“Imagine breaking your leg, only to be told that your nearest care facility was half way across the country, with a long waiting list and no guarantees about when you’ll actually get the help you need. Or developing diabetes but being too scared to tell your family, friends and your boss about what’s happening, because you’re worried about how they might react and possibly losing your job.
“If any of these things happened to someone with a serious physical health condition in our country, there would quite rightly be outrage. It would be on the front page of every national newspaper and dominate Prime Minister’s Questions every week. People would be out on the streets calling for reform. But this is exactly the kind of second-class treatment that people with mental health issues have had to endure for decades.”
Those are the words of Deputy Prime Minister Nick Clegg.
And read what Liberal Democrat minister Norman Lamb said. “Funding for mental health has increased since last year but, for too long, mental health has lost out in local spending in many areas.”
He said the payment system in the NHS “disadvantaged mental health”.
“That’s why we are taking action, including introducing new standards for mental health services that local areas will have to meet, just as there are for physical health services – this is backed by £80m investment. This week we’ve also announced a £1.25 billion funding boost for children and young people’s mental health.”
This would be great but for some inconvenient facts. Mental health budgets have fallen by 8.25% in real terms since this government came to power. That’s a cut of about £600 million. At the same time, reports the BBC, “referrals to community mental health teams, which help people avoid being admitted to hospital, have risen nearly 20%.”
So when Lamb says, “For too long, mental health has lost out in local spending in many areas”, he forgets to add that he happened to be a minister when it lost out. It was his government, admittedly a Tory government in which some Lib Dems have jobs, that made the cuts. So don’t give me all this stuff about “taking action”. Since you weren’t elected in 2010, the only action you have taken is to decimate mental health care.
Lamb himself has direct experience of mental illness because was diagnosed with severe OCD 12 years ago, causing a very painful time for his family as his son fought alcohol and drug problems. He says: “Our experience has made me even more determined to bring mental health out of the shadows and to fight for better care for all of the families affected.” Believe me, he has my total sympathy. His son has been incredibly brave to come out with his illness and Lamb himself has done a significant public service by showing that mental illness is not confined to any social group. But there is a but. Lamb has lived with his son’s terrible mental health issues for 12 years but he serves as a minister in a government that has slashed spending on mental health. When I hear Lib Dems saying what Lamb has said, much as I agree with him, I always say, “Look at his Commons voting record.” He’s not some Lib Dem rebel, any more than Vince Cable. He’s voted for each and every cut instituted by his Tory paymasters. I don’t think he is shedding crocodile tears when he talks about mental health, given his own life experience, but he’s obviously able to compartmentalise his political views better than I am.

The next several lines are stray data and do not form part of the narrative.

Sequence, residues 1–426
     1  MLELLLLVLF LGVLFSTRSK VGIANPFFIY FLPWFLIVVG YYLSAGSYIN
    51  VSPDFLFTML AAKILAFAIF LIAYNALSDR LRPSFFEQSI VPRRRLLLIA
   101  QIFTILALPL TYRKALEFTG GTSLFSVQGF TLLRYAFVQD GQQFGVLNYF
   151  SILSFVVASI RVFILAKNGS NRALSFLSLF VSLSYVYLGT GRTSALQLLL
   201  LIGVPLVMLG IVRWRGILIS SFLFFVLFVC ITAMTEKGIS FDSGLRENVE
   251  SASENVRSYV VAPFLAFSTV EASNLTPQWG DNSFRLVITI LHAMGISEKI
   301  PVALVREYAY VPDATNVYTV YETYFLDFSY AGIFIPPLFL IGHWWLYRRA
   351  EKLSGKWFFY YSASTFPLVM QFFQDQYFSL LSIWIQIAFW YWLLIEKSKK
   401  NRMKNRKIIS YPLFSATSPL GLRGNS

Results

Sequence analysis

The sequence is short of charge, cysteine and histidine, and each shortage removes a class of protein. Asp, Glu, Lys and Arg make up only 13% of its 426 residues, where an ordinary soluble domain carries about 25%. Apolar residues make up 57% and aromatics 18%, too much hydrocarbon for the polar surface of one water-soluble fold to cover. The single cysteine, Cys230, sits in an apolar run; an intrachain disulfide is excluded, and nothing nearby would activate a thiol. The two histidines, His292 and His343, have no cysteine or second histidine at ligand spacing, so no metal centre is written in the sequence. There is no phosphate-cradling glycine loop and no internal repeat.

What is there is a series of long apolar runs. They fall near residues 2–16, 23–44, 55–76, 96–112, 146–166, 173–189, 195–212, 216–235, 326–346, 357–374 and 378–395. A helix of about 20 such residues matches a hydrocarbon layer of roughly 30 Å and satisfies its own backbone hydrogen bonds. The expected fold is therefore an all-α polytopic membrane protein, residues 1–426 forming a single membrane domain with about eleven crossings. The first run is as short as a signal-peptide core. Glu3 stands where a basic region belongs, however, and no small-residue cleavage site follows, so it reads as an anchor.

Lamb may not play politics with mental health, but it doesn’t stop Clegg doing exactly that.
Clegg says: “Since 2011, we’ve invested £400 million to increase access to talking therapies across England.
We’re providing an extra £120 million to help implement the maximum waiting times for mental health from this year, alongside an additional £150 million over 5 years to improve services for children and young people suffering from eating disorders.
“This includes waiting time and access standards for these conditions by April 2016.
“And, overall, the money going into mental health has increased by £302 million in 2014 to 2015.”
That’s politics at work for you. He gives a figure from 2011 which is an 8.25% cut in real terms (at no point does he attempt to pretend it isn’t) and then goes on to say that after nearly five years in government they’re going to increase spending, although he forgets to add that they’ve been cutting throughout that period.
I’m waiting for therapy myself but the NHS waiting list is, effectively, closed because so many people are on it. Therefore, the NHS is forced to use ‘private providers’, companies who sell their services in order to make money and I go on their waiting list too.
Clegg’s fine words are not words I recognise from the world of work: “Imagine being too scared to tell your family, friends and your boss about what’s happening, because you’re worried about how they might react and possibly losing your job.” Well, Nick: you’re the Deputy Prime Minister of this Tory government and your friends in high places are terrorising employees, especially your own in the public sector, by their ruthless and vicious attacks on those who suffer from mental illness. Can you imagine, when you have occasionally taken your snout out of the ministerial trough, what it feels like a clinical depressive who has been given an official warning about her/his sick leave, threatening that person with dismissal if they suffer from depression again? Of course you don’t. They didn’t teach you about real people at Westminster School, do they?
You refer to the “second-class treatment that people with mental health issues have had to endure for years.” Well, once again, I agree with Nick. The trouble is that people are suffering on your watch and until a General Election appeared, you didn’t give a shit.